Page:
This "==" and "!=" is have different behaviours?

I happened to be writing a code with a while loop, the question is why when I replace != 10 with == 10, the output doesn't display the printed text that should be there.

fn main(){
    let mut s = 1;
// This is using ==
    while s == 10 {
        println!("s: {s}");
        s +=1;

Output :

Compiling variables v0.1.0 (/home/qoori/Documents/Rust/variables)
    Finished dev [unoptimized + debuginfo] target(s) in 0.36s
     Running `target/debug/variables`
 *  Terminal will be reused by tasks, press any key to close it. 

Changed to != 10

while s != 10 


s: 2
s: 3
s: 4
s: 5
s: 6
s: 7
s: 8
s: 9

the while loop continue if the condition is true


!= means not equal , == means equal , they do have different behaviours


When the condition of you while loop s == 10 is evaluated, s equals 1. The condition returns false, because 1 does not equal 10. When the condition of a while loop is evaluated as false, the loop is exited. The condition is evaluated before the loop body is executed, which is why you don't see a single print statement from that loop. From the docs:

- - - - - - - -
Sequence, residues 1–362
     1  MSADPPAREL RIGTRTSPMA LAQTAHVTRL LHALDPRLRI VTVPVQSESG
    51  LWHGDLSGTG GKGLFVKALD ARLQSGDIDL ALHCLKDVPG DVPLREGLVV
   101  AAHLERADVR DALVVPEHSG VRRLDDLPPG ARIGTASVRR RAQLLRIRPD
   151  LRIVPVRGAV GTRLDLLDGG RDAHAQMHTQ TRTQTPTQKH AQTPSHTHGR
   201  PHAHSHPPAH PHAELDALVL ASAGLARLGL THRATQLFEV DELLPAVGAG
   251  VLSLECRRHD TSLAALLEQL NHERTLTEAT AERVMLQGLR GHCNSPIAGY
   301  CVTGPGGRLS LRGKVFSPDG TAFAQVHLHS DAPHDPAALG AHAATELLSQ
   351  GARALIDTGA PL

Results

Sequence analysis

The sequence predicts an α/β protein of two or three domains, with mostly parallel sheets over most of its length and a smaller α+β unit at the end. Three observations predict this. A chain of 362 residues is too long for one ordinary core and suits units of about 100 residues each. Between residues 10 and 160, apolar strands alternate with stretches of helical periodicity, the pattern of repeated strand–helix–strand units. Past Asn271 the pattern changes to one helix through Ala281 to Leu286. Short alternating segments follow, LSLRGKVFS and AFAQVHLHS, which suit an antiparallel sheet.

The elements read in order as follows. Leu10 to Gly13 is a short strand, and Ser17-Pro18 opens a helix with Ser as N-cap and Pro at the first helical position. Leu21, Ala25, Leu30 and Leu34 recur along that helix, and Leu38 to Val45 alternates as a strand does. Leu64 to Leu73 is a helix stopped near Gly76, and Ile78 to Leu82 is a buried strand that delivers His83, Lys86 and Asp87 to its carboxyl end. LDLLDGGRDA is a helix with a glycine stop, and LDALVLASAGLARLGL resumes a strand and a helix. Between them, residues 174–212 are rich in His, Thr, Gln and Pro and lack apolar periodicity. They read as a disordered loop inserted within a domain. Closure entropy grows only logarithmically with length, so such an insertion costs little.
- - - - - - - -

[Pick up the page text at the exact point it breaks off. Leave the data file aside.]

The while expression runs the conditional expression before running the loop body, then runs the loop body if the conditional expression evaluates to true, or exits the loop otherwise.

The != (not equal) operator checks whether s does not equal 10. It basically has the opposite behaviour of ==, returning false where == returns true and true where == returns false[1]. As s equals 1 when you enter the while loop and s != 10 is evaluated, s = 1 does not equal 10. s != 10 evaluates as true, so you enter the loop body, where you increment s to 2. 2 still doesn't equal 10, so when s != 10 is evaluated before the second iteration of your while loop, it still returns true. So you enter the loop body again. This goes on till s equals 10 and s != 10 returns false. Then the loop has finished and your program continues.

  1. For (almost all?) types. Theoretically you can change the behaviour of the != operator for a type by implementing the PartialEq::ne method for it, changing the default behaviour I described above. ↩ī¸Ž


Why would you expect != and == to do the same thing?

To me, the questions reads like "why do 5+10 and 5*10 give different answers?", to which the only answer is "well they're different things so that's usually the case"...


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